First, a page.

- Pokémon Black Version 2
- The Binding of Isaac: Afterbirth+
- Yoshi's Island
Akiba’s Trip: Hellbound & Debriefed is a lot of fun, but it also leaves something to be desired given the fact that we’ve had its sequel for almost a decade at this point. If you’ve never gotten into the series and want to start, or are like me and love Undead & Undressed so much that you just want to know what came before it, then Hellbound & Debriefed is absolutely worth your time. It’s a charming title with a good amount of replayability, and gameplay that, in all likelihood, you probably won’t find anywhere else. Do be warned, however, that its age is showing at this point.
I suppose it’s fitting that Zed should be the protagonist of Disgaea 6: Defiance of Destiny because, much like a zombie itself, this game feels lost and incomplete. I know I’ve been harsh, but none of this has been fun for me. I wanted Disgaea 6 to be the best Disgaea yet. But it isn’t. What makes this even more ironic is that Disgaea 6, by normal SRPG standards, is fine. It’s really not bad at all. But Disgaea games have never been “normal SRPGs.” They’re Disgaea games. And, as far as that’s concerned, Disgaea 6 can’t so much as hold a candle to its predecessors. That’s not something that I can overlook so easily, especially after a six-year wait.
Edge of Eternity has not only met, but surpassed my expectations in every way imaginable. It goes beyond simply being a “love letter to the classics” and has the potential to eventually become one itself someday, given that it gets a little bit of polish here and there (which I’ve already heard that it will be receiving, at least in part). In a gaming landscape that seems to have largely given up on many of the more traditional JRPGs, it’s nice to see that there are others out there who insist on keeping it alive—and it’s encouraging to see that they have the means to see things through.
If everything that I’ve said about Root Film so far hasn’t convinced you of its greatness as a visual novel, then I’m not sure what will. If you’re even slightly interested in visual novels or are just a fan of good mysteries in general, your life will only be better for picking up Root Film.
I know that I said it at the beginning of the review, but I’ll say it again: Death end re;Quest is one of the best games that Compile Heart has ever made. While it may not manage to avoid all of the tropes that you’d expect to see from a CH game, it’s obvious that a lot of effort has been put into this game, and it absolutely shows. It’s a weird combination of sci-fi, horror, comedy, visual novel, and JRPG elements that were all put together in just the right way to allow them to work together in a near-perfect way.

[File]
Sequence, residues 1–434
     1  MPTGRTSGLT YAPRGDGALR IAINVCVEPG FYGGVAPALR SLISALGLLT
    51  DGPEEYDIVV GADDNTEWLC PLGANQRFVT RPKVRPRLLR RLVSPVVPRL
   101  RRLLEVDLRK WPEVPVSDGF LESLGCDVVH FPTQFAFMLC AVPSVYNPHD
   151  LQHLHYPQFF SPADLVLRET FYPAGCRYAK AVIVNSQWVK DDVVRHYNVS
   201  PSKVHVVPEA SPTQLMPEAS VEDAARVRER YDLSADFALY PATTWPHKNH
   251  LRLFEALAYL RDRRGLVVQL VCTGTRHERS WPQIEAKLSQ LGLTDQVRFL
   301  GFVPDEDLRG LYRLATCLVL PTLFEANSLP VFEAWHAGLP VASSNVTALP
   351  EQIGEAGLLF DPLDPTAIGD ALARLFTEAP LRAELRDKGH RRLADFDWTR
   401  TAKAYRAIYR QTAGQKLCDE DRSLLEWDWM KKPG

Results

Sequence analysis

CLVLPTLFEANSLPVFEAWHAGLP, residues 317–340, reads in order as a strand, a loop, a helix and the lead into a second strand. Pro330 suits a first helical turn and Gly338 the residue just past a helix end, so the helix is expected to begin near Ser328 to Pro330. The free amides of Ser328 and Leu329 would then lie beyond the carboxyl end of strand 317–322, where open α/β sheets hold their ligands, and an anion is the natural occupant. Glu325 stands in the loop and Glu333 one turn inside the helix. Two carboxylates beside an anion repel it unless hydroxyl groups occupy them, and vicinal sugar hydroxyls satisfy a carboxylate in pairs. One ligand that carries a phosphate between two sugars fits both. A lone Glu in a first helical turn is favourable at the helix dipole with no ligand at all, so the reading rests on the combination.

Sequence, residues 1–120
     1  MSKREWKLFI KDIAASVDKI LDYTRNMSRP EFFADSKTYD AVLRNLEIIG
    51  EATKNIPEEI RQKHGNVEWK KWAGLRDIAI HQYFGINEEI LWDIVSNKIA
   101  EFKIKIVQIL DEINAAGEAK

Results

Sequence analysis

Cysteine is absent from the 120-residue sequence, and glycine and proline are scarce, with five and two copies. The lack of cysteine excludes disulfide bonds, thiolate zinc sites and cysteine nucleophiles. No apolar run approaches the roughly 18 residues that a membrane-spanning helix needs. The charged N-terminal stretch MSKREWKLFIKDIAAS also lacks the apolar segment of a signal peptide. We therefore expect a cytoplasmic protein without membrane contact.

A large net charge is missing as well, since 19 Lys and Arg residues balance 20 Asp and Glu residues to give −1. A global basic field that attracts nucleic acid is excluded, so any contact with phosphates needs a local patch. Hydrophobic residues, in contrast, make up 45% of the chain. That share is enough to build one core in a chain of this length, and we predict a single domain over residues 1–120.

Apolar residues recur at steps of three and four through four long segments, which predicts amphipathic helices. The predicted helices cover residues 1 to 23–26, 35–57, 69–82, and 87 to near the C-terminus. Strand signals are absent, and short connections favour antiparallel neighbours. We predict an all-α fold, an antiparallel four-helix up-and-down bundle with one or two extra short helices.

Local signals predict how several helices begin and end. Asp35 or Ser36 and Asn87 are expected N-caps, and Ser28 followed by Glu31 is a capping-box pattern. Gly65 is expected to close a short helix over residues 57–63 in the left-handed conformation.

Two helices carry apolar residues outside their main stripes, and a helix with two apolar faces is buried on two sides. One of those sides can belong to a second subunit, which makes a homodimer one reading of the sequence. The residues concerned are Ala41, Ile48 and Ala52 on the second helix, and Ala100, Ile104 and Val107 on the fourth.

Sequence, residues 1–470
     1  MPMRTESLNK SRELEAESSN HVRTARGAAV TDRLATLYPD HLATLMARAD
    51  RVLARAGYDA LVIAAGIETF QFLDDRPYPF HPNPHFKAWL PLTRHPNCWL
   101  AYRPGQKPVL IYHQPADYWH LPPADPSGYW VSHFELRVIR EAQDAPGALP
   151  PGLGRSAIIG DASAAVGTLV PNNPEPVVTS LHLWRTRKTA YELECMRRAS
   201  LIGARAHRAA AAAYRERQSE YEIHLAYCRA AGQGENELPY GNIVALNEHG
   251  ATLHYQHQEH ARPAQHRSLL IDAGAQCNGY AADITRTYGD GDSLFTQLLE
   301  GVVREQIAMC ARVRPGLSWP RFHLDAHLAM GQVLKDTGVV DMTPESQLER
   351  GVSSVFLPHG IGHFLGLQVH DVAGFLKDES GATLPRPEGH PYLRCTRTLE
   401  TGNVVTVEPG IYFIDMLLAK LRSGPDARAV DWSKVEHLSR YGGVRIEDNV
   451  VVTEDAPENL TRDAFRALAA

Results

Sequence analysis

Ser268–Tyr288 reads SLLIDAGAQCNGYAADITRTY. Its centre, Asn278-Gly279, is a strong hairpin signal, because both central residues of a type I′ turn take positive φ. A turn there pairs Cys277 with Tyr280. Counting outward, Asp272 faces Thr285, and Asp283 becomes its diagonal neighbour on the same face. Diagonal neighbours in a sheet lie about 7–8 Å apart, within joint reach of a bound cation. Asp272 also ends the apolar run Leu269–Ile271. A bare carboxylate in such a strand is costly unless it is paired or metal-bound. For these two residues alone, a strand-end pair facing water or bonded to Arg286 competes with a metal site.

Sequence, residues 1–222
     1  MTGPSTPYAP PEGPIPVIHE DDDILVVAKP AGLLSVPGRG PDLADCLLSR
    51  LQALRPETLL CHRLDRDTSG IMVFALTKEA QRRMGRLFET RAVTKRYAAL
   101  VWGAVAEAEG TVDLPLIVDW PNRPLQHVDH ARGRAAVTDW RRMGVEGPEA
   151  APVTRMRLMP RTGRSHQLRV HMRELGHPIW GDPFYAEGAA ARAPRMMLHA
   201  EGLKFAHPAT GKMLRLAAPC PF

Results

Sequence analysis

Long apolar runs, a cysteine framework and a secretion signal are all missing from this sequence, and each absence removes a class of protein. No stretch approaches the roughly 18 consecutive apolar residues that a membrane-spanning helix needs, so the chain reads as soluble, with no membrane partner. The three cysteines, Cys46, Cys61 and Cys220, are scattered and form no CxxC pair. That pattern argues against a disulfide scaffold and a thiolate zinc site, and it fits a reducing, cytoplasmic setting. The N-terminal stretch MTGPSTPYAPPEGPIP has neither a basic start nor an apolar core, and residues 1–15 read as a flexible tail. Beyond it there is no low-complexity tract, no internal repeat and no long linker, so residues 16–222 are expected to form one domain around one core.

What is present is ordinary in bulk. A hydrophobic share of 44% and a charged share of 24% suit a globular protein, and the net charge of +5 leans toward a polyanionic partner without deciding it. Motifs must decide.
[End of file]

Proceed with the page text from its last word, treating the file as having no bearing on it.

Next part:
Sometimes it’s hard to determine what the best game in a series is. This time, it’s not. Regardless of what charms the Monster Hunter games of the past might have to offer, they’re no match for Rise‘s huge jump in overall quality and polish. I’m sure that Capcom will make a new Monster Hunter game someday and, when they do, maybe it will dethrone this one. But, until that time comes, Rise will be sitting at the top—and I’m very happy that it’s there.
This game made some really strange choices, and I can’t say that I agree with all of them. And, to that end, I feel like some of you out there will end up feeling that way as well. You’ll still be able to find all of the traditional SoS garnishings within Story of Seasons: Pioneers of Olive Town if you’re willing to dig deep enough—just be prepared to do a whole lot of crafting along the way.
Dragonborne may not be perfect, but, if I’m being honest, its imperfections are kind of a part of its charm. While I obviously can’t say this for certain, it feels like everything in this game—both the bad and the good—was designed specifically to make this game feel like it was released in the early-mid 90s, just like any other Game Boy game out there. So, if you’re in the market for a new Game Boy game (remember, you can actually buy a cart of this!), then Dragonborne‘s probably right up your alley.
When it comes down to it, Monster Energy Supercross – The Official Videogame 4 is absolutely a game for pre-existing fans—whether casual or hardcore—of supercross. So long as you know a thing or two about the sport, you probably won’t have too much of an issue jumping right into things, and I’m sure that you’ll enjoy all that the game has to offer. Those who don’t know anything about supercross might want to watch out, however. While things are nice and friendly once you understand the basics, you’re in for a pretty rough start if you’re coming in completely green.
It isn’t really very often that I’m so negative about a game, but Neptunia Virtual Stars does so many things wrong that I just couldn’t ignore it. Normally, this would be the part where I would say, “only get this game if you’re a fan of the series,” but I’d be wary even then. As little as I’ve talked about it within this review, this game is obviously little more than an attempt to pander to the Vtuber fandom. I don’t say that with any disrespect—if you like Vtubers, then more power to you. But, Idea Factory, next time you make some sort of crossover titles, keep in mind that you’re capable of making quality crossovers—like Superdimension Neptunia VS Sega Hard Girls—and maybe don’t try to patch up a lack of content by slapping Vtubers everywhere like they’re bandages.